Spain had been on my wishlist for a while before we booked our summer holiday there for the beginning of July. My only previous experience with Spain was a long weekend in Barcelona ten years ago when I really struggled to find vegetarian options, and I was confident I could improve on that this time around: I’ve seen a lot about how vegan-friendly the main cities in Spain are. Sure enough, we ate very well as we spent two weeks travelling from Madrid to Valencia and finally Barcelona. These are good places for vegans.
In fact, our only problems with food came from the opening times. As a person who thrives on a regular eating schedule of breakfast at 7am, lunch before 1pm and dinner by 6:30pm at the very latest, I was not very encouraged by Spanish opening times. Even when I thought I’d found a winner (“Oooh, this place is open from 11am! Let’s book lunch for 12pm!”), I was swiftly disappointed (“We serve breakfast 11am-1:30pm, lunch 1:30-3pm.”). Eventually we managed to get into a rhythm, and I don’t think I let my hanger get the better of me, though Dr HH might disagree.
My top tips for eating in Madrid are to always make a reservation, and to go for set lunch menus where possible. Almost every eatery we visited in Madrid was constantly jam-packed, which is great news for the thriving vegan businesses, but bad news for hungry tourists. I made all my reservations on Facebook, no clumsy telephone attempts at Spanish required. And the three course lunch menus were very good value for money, and helped to keep me going until my next feeding at 8pm.
So, let’s dive into it!
On our first day we went for a 12pm “breakfast” at Rayen Vegano. It’s a lovely, charming place: really attractive, but quiet small and you really need to book. There were English menus, and the staff spoke perfect English too, so it’s very tourist-friendly. In fact, I’d call this a must-visit if you’re in the city.
Dr HH ordered the Sunday special of three buckwheat pancakes, which were good and thick. They were topped with a really good cream and some fruits, and served with amazingly thick chocolate sauce. He was delighted with this, unsurprisingly.
I couldn’t resist the tempeh sandwich, though I usually favour something sweet. This is a regular feature on the breakfast menu, and I can’t praise it highly enough – and I say this as someone who generally hates sandwiches! First of all, the homemade bread was delicious. It was filled with tomato, lots of tempeh bacon fingers, cheese slices, tofu scramble and a really good sauce. I couldn’t pick the whole thing up, it was so substantial! The accompaniments (purple potatoes with crispy bits and a mustardy salad with avocado) were also delicious. What a feast!
As it had gone so well, we decided to treat ourselves to a slice of raw peanut butter cake for dessert. It was exactly as a peanut butter cake should be: sticky and gooey, with a good crunchy base. Alas, we didn’t realise until the bill arrived that it cost €6.50. It was a good cake, but that’s still a pretty high cost. Even so, we left on a high.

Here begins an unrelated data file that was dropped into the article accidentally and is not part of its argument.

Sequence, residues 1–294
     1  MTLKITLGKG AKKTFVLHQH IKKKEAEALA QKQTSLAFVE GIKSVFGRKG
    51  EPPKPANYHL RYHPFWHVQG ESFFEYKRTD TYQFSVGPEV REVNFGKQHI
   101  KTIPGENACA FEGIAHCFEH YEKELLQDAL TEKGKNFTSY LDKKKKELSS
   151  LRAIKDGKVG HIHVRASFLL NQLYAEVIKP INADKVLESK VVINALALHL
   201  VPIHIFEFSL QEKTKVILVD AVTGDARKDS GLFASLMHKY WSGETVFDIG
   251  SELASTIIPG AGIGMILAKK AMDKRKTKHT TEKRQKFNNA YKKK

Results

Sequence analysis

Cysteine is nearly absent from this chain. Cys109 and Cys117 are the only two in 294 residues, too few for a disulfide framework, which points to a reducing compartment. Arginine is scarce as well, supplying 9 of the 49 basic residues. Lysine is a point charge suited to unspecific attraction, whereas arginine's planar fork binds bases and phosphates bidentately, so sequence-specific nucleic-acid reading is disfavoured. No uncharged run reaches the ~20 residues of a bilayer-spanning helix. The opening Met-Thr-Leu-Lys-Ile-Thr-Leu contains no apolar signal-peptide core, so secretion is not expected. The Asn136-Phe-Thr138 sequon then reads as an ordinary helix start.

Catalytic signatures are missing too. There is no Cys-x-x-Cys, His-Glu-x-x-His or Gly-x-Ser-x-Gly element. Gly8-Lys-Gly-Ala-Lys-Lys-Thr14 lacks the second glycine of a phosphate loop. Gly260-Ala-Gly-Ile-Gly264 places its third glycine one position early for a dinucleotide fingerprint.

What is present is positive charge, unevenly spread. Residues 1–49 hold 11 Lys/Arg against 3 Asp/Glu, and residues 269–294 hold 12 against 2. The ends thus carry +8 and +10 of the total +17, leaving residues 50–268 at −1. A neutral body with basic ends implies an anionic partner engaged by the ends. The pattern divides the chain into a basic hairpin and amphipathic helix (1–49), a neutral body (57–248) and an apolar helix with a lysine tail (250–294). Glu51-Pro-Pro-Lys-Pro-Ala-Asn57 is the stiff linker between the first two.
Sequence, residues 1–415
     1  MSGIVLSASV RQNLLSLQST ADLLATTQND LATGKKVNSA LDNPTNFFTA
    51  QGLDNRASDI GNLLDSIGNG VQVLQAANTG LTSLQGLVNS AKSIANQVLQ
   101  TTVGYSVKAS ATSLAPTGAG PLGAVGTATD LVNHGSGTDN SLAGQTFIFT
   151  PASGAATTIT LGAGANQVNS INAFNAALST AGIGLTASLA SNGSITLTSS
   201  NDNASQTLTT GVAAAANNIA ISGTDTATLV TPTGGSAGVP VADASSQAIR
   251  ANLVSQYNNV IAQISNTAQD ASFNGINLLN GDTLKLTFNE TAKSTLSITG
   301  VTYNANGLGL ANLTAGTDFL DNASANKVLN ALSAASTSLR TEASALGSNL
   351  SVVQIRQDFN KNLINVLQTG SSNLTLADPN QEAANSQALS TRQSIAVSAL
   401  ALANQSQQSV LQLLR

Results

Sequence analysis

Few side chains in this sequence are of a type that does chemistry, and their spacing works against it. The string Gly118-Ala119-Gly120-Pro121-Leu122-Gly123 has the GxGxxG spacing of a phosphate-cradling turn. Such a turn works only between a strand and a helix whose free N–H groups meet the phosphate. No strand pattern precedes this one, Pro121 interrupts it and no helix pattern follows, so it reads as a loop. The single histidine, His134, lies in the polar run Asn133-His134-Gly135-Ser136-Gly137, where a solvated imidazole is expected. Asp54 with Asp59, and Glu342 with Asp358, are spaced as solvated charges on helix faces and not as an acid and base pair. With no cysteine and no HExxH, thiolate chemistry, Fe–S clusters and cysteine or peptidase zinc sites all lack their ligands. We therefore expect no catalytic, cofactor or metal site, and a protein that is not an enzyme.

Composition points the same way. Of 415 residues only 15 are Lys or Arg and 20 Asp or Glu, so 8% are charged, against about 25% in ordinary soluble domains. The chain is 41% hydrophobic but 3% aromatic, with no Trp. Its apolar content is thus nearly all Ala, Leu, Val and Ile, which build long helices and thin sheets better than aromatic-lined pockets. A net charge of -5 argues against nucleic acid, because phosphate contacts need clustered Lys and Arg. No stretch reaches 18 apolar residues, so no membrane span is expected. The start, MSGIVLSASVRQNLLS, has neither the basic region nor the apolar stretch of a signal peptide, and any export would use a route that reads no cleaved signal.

Late that night (at 8pm on the dot) we arrived at Punto Vegano for our first tapas of the trip. It also serves main courses, but we were eager to get into the spirit with some tapas. Again, booking is recommended for this small and charming little place. There are English menus and friendly staff. It’s a stone’s throw from the Temple de Bod, a little Egyptian temple relocated to Madrid and a nice spot to catch the sunset.
We ordered three dishes to start. Of course, we had some patatas bravas. The little cubes of tomato were perfectly crispy, and the fiery sauce was only drizzled on, so it was quite easy to control the spiciness (you can also order the non-spicy sauce). We added a squeeze of alioli, which was lovely and garlicky.
The fried ravioli sounded and looked so inviting. They were lovely and crispy, but the filling was only spinach, which was a little bland. Some tofu or mushrooms would have livened it up a bit for the palate.
The quinoa and oat meatballs in tomato sauce are also available as a main, and they were remarkable! They had so much flavour.
To make sure we were completely full, we finished off with some babaganoush. We got a mixed plate with some hummus, as they were almost out of the aubergine dip, and both were really tasty. The bread was good too, and we were definitely full by the end.
We also got a couple of chocolate muffins to take away for breakfast the next day. They were a bit decadent for the morning, but they were really good!
On Monday we were back to Rayen Vegano for the lunch set menu. As I said, these are such a great deal. It was €11.50 for three courses plus bread and a ginger kombucha drink (tap water was also available for free, which is always a bonus in Europe). There were two options for each course, and the waitress recommended choosing one of each to share.
Alas, one of the options for the starter was a melon and cucumber gazpacho. Melon and cucumber are two of my most-hated foods, so we didn’t bother with that – we both had the carrot and mushroom salad. It was a simple salad that was elevated by an earthy mushroom sauce and a tasty tempeh slice on top.
One of the mains was a timbale of quinoa, avocado and fiery salsa. It was summery and fresh, but not particularly filling – especially in comparison to the other option.
The seitan pasty on mashed potato and tomato sauce was delicious, with some pesto vegetables too. It was very filling and there was good depth of flavour in the sauce.